HTML and CSS Reference
In-Depth Information
alongside the font size so that the two aspects are linked in some way. If the font size is reduced,
the line length—and along with it the page width—comes down accordingly, and vice versa.
Thankfully, there is a method for accomplishing this goal: the elastic layout.
In an elastic layout, when you change the font size, other elements scale up or down
accordingly. You use em measurements rather than pixels or percentages. An em is directly
related to the size of the typeface, so if you specify a width for the wrapper in terms of ems,
when you increase the font size the width of the wrapper goes up as well.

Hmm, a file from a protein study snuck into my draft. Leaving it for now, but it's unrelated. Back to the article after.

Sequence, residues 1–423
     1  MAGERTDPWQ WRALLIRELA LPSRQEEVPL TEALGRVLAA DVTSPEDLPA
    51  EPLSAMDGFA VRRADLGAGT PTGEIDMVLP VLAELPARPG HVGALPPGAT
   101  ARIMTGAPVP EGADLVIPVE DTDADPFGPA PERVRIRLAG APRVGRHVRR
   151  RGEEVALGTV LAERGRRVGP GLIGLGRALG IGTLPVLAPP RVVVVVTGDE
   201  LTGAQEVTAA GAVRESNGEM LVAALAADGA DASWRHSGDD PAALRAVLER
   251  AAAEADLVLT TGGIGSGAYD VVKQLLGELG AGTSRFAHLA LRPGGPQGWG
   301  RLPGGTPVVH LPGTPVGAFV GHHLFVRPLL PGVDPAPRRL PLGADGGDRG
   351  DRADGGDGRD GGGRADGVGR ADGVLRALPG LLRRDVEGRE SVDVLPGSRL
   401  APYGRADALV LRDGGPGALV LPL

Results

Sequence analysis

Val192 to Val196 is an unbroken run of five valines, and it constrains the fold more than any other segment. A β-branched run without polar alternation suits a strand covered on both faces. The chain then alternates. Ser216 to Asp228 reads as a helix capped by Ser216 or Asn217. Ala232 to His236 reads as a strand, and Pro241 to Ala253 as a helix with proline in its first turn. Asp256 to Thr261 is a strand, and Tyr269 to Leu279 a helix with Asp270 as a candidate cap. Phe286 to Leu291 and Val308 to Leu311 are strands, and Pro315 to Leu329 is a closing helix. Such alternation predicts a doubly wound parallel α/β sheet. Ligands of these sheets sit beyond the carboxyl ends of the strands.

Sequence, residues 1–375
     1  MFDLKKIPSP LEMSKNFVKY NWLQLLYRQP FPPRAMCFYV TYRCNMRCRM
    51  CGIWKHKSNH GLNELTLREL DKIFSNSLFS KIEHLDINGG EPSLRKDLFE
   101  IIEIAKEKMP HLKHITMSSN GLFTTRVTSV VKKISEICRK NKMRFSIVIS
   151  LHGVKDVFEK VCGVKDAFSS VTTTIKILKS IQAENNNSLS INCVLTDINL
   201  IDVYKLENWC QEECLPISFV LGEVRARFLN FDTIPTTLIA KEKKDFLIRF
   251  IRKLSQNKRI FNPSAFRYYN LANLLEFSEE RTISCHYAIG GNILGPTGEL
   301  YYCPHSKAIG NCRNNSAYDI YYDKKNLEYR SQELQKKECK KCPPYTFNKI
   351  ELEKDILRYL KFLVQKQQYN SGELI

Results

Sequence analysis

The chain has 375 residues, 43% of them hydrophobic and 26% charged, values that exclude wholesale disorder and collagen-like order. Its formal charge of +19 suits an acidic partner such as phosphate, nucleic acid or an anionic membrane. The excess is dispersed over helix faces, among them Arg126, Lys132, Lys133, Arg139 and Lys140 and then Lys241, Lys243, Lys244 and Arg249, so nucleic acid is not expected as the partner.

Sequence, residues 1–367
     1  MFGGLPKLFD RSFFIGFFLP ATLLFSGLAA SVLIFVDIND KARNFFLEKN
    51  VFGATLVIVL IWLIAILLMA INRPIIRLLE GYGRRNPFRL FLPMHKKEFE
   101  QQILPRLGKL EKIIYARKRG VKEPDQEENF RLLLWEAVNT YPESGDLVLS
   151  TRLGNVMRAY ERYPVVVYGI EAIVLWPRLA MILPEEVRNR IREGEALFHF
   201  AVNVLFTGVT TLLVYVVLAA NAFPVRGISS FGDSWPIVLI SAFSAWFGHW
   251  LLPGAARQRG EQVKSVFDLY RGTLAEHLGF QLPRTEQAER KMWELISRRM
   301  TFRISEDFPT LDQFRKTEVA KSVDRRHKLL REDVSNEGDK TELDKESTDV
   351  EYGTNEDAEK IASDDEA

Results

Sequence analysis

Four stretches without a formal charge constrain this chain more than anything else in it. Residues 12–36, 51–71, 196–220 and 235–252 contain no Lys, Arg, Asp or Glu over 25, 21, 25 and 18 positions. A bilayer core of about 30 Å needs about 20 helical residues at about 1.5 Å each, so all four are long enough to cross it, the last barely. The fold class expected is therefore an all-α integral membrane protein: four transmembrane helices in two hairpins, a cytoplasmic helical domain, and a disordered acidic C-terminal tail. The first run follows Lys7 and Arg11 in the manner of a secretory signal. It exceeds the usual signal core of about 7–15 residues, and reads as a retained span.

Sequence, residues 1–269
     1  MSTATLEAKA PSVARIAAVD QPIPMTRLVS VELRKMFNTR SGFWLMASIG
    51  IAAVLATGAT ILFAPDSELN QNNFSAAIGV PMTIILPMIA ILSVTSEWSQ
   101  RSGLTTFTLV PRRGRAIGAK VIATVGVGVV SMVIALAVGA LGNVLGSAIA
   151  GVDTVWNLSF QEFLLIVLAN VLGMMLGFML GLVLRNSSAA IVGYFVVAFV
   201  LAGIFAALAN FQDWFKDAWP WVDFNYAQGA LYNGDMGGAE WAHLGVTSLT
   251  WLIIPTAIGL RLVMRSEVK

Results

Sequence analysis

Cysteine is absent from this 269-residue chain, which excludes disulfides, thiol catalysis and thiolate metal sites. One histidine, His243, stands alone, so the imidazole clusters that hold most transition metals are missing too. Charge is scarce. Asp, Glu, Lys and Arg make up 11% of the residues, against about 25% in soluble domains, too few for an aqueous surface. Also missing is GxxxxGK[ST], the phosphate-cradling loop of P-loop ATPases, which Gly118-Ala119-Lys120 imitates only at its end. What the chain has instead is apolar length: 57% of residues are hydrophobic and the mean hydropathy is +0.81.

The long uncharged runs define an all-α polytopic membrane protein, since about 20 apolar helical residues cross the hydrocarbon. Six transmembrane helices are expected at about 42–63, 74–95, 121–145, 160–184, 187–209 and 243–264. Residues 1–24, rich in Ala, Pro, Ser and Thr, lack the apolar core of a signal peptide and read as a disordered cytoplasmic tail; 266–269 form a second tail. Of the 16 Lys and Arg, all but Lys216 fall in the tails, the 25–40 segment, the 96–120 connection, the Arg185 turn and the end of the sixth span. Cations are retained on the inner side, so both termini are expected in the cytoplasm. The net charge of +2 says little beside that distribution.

The first step is to set a sensible baseline. On most browsers, the default font size is 16 pix-
els. If you can knock the default down to 10 pixels in the CSS for the body, calculations will be
a lot easier from that point on. You can do this by setting font-size in the body to 62.5%
(62.5 percent of 16 = 10):
body {
Then, knowing that each em represents 10 pixels at the default font size, you can use ems
for subsequent measurements. For example:
h1 {
would give you level 2 headings of 20 pixels at the default font size, but these headings would
scale up if the user prefers.
Let's look at the amended style sheet for the elastic layout. As before, the HTML is
unchanged; only the CSS is different. The significant changes are highlighted in bold:
body {
background: #f0f0f0 url(body-bg.gif) repeat-x top;
#wrapper {
margin:10px auto;
border:1px solid silver;
#header {
background: #272727 url(header-bg.gif) repeat-x bottom left;
padding:10px 15px 10px 13px;
#content-wrapper {
background:#fff url(nav-to-content-trans.gif) repeat-y left;
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